A bail hearing is a legal process to determine if an individual may be released from immigration detention through the First Tier Tribunal. It is advisable to have an experienced lawyer who can best represent you at this crucial hearing. There are two ways to be released on bail:
- By applying to the Secretary of State for Bail from the Home Office
- By applying before an Immigration Judge for Bail from the First-tier Tribunal
The judge hearing your case will decide whether or not to grant bail. It is highly recommended to not proceed with bail hearings unless advised by an experienced immigration lawyer.
If someone you know has been detained due to a breach of UK immigration laws, Optimus Law can help by lodging an Emergency Bail Application.
If it is not an urgent matter but you would still like to apply for bail, we can arrange a Detention Visit to start the process.
Our specialist team will take a hands-on approach to provide the proper legal advice, ensuring you or your loved one’s situation is dealt with quickly and efficiently. Deadlines are taken extremely seriously by the law in such matters. You can rest assured that they are taken equally as seriously by everybody at Optimus Law.
It is not advisable to leave any bail-related matters unresolved, as this may prolong the problem and produce new challenges, including but not limited to further detention or being barred from entry into the country. Let our team of immigration experts represent and assist you through the process.
My partner is in detention, can he apply for Bail?
As long as they have been in detention for at least seven days they can apply for bail.
When can a foreign national prisoner apply for immigration bail?
You can apply for bail from the immigration tribunal if you are held under immigration powers, for example:
- At the end of your custodial sentence
- At the half-way point (Automatic Release Date) of your sentence if you are put on `immigration hold’ rather than released
If you apply for release on immigration bail you must give the immigration tribunal an address where you plan to stay. If you are still under license, this address must be approved by the probation service.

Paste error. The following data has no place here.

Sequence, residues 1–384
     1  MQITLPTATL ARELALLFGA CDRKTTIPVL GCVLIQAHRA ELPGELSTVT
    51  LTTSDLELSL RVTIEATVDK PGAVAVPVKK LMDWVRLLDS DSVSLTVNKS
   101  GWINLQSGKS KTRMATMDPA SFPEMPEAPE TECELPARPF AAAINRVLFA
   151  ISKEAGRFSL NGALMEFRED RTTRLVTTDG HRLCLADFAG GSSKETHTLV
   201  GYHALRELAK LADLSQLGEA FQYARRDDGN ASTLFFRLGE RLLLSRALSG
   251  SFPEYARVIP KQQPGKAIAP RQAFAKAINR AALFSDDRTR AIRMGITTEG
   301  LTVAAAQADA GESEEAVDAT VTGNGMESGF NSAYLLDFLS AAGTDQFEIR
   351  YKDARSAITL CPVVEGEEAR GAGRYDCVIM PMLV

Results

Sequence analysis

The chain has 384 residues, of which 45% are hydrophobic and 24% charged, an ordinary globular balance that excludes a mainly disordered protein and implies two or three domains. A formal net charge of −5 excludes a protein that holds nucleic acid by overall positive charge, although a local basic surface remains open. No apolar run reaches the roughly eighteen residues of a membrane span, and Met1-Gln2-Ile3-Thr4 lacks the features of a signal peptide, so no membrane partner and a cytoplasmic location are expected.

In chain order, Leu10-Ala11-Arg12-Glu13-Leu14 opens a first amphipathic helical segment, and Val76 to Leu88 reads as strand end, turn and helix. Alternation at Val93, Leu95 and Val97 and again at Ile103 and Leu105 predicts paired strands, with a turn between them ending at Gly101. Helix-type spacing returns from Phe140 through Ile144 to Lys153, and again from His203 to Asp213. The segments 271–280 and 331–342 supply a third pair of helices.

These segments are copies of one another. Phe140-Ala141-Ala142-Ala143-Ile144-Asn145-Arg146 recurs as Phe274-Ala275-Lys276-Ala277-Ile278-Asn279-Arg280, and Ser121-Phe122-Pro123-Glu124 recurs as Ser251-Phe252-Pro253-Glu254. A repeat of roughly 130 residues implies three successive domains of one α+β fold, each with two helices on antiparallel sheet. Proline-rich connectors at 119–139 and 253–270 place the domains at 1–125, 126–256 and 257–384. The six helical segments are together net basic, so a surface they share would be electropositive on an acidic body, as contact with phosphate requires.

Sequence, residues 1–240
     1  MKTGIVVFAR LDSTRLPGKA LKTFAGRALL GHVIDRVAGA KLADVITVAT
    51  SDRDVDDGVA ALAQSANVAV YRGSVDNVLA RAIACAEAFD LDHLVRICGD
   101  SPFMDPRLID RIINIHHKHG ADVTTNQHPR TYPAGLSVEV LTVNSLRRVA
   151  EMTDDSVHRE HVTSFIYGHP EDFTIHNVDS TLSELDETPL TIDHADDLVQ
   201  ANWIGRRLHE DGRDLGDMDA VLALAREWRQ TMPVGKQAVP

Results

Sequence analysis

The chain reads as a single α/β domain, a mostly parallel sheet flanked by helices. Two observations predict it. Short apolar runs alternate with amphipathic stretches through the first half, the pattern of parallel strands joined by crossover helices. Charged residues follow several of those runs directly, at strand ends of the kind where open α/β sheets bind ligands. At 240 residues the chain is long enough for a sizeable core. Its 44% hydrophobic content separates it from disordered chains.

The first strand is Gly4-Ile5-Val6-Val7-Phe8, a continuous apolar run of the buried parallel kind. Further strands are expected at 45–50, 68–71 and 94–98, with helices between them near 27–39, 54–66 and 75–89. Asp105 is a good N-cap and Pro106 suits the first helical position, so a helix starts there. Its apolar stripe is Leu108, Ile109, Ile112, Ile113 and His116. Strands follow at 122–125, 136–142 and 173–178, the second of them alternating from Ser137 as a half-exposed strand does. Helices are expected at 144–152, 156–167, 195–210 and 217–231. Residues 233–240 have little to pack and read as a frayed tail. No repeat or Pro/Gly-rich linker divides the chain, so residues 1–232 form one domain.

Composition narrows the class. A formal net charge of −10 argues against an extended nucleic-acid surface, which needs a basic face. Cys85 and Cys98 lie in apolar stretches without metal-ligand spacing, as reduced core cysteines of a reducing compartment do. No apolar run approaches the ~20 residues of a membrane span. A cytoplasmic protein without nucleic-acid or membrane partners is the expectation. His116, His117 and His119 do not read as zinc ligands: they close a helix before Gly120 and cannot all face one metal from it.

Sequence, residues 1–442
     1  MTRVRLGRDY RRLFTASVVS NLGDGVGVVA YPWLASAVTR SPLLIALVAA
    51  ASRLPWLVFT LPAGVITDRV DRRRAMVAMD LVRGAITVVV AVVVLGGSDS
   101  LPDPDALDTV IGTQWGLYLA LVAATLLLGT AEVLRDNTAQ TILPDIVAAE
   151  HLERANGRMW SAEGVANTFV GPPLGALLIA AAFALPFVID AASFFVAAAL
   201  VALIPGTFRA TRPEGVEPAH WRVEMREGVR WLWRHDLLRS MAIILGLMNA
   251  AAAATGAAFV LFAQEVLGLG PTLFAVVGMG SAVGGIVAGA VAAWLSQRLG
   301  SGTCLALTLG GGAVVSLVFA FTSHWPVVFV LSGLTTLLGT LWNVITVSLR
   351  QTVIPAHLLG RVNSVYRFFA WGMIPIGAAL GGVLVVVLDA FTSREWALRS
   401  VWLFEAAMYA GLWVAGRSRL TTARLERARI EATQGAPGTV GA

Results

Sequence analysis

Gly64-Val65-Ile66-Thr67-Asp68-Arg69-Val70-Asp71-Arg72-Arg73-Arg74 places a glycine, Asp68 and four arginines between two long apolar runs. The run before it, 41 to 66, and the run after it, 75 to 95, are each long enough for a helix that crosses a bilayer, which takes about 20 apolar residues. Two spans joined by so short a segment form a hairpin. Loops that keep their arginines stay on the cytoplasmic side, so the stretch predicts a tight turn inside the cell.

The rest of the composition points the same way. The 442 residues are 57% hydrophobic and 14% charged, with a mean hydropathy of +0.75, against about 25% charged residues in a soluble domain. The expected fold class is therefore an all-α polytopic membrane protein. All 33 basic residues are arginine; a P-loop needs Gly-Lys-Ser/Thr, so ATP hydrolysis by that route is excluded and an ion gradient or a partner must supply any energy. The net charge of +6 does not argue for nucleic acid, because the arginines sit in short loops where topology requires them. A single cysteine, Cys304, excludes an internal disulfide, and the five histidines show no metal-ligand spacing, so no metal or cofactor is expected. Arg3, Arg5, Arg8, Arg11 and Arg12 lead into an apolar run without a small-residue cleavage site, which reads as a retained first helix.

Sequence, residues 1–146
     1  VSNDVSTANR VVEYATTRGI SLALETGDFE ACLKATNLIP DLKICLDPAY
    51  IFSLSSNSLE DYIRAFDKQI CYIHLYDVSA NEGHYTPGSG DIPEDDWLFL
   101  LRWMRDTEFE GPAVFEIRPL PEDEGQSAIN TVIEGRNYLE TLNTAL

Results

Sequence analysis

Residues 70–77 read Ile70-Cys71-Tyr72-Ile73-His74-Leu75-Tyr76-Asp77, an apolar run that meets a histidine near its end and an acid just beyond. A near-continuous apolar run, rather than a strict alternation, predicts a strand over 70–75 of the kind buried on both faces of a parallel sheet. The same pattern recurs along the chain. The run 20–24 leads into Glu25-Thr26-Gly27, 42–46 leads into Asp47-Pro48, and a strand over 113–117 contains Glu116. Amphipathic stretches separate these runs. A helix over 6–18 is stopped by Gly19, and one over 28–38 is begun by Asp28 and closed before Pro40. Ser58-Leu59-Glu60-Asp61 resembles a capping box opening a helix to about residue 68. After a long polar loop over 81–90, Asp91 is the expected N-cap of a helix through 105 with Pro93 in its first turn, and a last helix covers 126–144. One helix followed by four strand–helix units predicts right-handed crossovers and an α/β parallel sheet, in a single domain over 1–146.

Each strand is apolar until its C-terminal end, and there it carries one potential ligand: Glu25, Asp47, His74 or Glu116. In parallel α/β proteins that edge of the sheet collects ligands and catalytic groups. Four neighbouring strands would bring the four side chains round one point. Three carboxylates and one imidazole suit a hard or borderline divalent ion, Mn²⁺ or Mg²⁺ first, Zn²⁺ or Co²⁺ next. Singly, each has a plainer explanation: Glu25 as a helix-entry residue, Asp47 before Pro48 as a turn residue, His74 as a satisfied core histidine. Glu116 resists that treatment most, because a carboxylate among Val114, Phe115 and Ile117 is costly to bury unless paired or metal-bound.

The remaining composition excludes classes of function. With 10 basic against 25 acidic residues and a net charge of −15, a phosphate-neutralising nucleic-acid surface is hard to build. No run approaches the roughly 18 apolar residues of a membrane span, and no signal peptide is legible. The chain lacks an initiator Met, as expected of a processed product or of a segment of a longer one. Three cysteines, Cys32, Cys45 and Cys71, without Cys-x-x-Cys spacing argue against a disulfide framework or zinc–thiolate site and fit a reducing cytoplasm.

Do I need probation approval for an address before applying for immigration bail?
If your sentence is less than 12 months AND you do not have a release license or any kind of ‘ancillary’ or other order (e.g. a restraining order), then Probation or the Police will not need to be involved in decisions about where you can live if you are released on bail. This information booklet does not apply to you!
You will need probation approval before applying for immigration bail if:
- You have a “fixed term” prison sentence of 12 months to four years. Prisoners usually serve the first half of their sentence in prison and the second half in the community on licence.
- Your `Offender Supervisor’ should begin to arrange for probation approval of the release address that you give them, as part of your discharge process for an upcoming `Automatic Release Date’.
- Foreign national offenders may not be released but instead, be detained under immigration powers.
- If this happens you will be on licence until the end of your sentence even though you are still in custody for immigration reasons. You might be kept in prison or you may be transferred to an IRC. You can apply for immigration bail.
- If you are being held in prison, you will know you are detained for immigration reasons if the Home Office has given you a document called the IS91R ‘Reasons for Detention’ form.
How Can We Help You?
Our team of immigration lawyers can arrange for bail, provide expedited legal advice, and put you at ease knowing our team is fighting for you and your case. We will prioritise your case within our team, make an immediate visit to the prison or removal/detention centre, and make an effort to proceed with your bail hearing to ensure you are able to return home. Contact us today to discuss your bail matter.
Contact Us For A Free Assessment
It doesnt cost anything to ask. Let us know by filling out the form below.